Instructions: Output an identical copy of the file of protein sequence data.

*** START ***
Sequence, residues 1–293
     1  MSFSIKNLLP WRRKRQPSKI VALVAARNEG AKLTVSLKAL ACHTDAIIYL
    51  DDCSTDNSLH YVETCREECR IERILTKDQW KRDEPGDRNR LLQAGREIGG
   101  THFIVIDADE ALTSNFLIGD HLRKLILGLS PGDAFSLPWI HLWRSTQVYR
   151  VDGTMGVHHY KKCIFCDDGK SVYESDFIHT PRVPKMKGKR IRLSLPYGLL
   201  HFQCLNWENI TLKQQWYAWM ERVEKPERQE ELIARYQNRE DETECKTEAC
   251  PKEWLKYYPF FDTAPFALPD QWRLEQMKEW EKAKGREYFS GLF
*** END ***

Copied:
Sequence, residues 1–293
     1  MSFSIKNLLP WRRKRQPSKI VALVAARNEG AKLTVSLKAL ACHTDAIIYL
    51  DDCSTDNSLH YVETCREECR IERILTKDQW KRDEPGDRNR LLQAGREIGG
   101  THFIVIDADE ALTSNFLIGD HLRKLILGLS PGDAFSLPWI HLWRSTQVYR
   151  VDGTMGVHHY KKCIFCDDGK SVYESDFIHT PRVPKMKGKR IRLSLPYGLL
   201  HFQCLNWENI TLKQQWYAWM ERVEKPERQE ELIARYQNRE DETECKTEAC
   251  PKEWLKYYPF FDTAPFALPD QWRLEQMKEW EKAKGREYFS GLF